Glossary - Animal Derivatives



Bacon is any of certain cuts of meat taken from the sides, back or belly of a pig, cured and possibly smoked. There also exist imitations of bacon made of other meats: "turkey bacon", "beef bacon", etc. Bacon is generally considered a breakfast food, cut into thin slices before being fried or grilled. It is also a commonly used ingredient in other cooking, valued both as a source of fat and for its flavour.

A side of unsliced bacon is a flitch or slab bacon, while an individual slice of bacon is a rasher (UK, Ireland and Australia) or simply a slice or strip (North America). Traditionally, the skin is left on the cut and is known as bacon rind. Rindless bacon, however, is quite common. In the United Kingdom and Ireland, bacon comes in a wide variety of cuts and flavours whilst bacon in North America is predominantly what is known as "streaky bacon", or "streaky rashers" in the UK and Ireland. Bacon made from the meat on the back of the pig is referred to as back rashers and is part of traditional British and Irish breakfasts.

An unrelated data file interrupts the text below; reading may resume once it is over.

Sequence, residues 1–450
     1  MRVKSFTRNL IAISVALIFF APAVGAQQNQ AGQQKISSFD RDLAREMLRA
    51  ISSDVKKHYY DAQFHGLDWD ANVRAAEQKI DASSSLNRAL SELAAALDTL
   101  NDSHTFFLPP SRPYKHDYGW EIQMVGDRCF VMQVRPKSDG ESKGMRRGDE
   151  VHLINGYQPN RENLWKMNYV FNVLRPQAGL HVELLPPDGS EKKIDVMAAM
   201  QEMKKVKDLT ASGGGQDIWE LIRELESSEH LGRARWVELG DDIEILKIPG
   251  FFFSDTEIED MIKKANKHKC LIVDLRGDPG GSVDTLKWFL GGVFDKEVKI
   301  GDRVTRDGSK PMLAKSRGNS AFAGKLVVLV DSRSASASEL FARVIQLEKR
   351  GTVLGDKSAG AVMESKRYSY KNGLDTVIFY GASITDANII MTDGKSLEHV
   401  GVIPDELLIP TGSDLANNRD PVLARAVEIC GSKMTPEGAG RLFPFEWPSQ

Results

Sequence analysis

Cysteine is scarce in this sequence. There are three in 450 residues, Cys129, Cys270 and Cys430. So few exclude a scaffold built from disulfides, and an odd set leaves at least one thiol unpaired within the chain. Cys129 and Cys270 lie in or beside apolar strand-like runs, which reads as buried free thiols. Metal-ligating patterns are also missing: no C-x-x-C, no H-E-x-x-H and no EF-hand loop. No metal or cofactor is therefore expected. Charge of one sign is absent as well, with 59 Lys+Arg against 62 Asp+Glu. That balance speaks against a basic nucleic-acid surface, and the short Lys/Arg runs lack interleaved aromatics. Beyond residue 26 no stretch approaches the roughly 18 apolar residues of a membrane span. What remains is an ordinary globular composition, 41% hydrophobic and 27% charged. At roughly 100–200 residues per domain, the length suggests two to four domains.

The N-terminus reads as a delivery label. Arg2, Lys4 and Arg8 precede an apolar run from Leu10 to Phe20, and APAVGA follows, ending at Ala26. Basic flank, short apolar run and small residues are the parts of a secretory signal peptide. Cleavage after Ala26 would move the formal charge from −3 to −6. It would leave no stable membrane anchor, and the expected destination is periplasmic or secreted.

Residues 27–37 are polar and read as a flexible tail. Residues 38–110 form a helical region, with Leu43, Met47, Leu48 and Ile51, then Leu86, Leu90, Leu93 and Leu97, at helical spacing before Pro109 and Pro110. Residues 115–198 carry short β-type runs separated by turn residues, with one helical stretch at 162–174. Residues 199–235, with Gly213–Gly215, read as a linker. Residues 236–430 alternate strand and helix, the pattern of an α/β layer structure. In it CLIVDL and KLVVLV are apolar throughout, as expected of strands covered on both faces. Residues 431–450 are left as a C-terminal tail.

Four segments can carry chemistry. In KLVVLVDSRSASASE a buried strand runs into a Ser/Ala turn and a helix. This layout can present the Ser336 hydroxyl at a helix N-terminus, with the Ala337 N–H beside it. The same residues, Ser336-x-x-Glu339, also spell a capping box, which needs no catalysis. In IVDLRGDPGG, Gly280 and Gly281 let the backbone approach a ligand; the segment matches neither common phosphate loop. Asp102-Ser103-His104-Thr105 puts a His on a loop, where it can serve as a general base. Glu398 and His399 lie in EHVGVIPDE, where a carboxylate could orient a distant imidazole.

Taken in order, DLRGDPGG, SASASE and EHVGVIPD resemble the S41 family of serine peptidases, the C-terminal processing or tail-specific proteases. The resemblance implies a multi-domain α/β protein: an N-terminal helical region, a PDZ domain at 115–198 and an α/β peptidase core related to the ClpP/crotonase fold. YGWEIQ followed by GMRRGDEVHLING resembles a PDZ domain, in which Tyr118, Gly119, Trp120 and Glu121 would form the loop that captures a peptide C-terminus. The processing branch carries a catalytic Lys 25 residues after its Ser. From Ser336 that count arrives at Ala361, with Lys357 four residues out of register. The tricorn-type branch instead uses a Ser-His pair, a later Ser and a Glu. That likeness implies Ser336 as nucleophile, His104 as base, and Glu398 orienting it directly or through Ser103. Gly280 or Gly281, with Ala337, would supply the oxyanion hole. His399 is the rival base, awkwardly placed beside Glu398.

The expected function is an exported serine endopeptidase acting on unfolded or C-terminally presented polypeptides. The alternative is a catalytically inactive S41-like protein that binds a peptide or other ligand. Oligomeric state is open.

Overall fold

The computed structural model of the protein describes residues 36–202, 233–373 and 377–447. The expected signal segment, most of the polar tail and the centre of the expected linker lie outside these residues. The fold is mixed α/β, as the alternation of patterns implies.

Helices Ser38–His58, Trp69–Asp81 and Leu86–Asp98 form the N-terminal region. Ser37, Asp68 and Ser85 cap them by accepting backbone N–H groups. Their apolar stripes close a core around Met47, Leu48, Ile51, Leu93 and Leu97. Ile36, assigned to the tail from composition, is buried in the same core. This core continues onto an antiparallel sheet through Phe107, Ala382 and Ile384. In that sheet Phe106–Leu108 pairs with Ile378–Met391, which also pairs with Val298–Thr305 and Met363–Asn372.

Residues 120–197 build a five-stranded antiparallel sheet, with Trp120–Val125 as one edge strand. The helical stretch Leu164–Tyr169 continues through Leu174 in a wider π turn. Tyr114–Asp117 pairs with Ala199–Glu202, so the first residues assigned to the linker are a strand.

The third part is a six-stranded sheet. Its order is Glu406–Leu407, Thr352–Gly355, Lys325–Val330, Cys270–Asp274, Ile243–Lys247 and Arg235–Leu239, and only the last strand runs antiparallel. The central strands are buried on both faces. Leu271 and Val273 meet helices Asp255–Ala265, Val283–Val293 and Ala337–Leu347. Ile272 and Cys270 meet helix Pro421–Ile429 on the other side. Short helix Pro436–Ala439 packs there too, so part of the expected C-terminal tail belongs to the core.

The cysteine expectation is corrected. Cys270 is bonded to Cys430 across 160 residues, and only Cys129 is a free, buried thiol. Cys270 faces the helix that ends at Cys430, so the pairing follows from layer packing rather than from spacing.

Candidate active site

In recent years in North America, pre-cooked bacon, which can be heated in the microwave oven for a few seconds and then eaten, has become a popular alternative to traditional bacon. Pre-cooked bacon, under USDA definition, is bacon which has been cooked to a finished yield of 40% or less. In other words, if 1 pound of raw bacon is cooked to 0.4 pounds or less, then it may be labeled as fully cooked bacon. Most pre-cooked bacon is considered shelf stable (may be stored safely at room temperature) because the water activity is low enough to prevent the outgrowth of pathogenic organisms.

There also exists a product called "Turkey Bacon", which is made from turkey, and is typically more lean than traditional pork bacon. New Zealand's Tegal chicken company has also launched a lean "Chicken Bacon", which is cured smoked chicken that tastes similar to bacon, but has significantly less fat and sodium.

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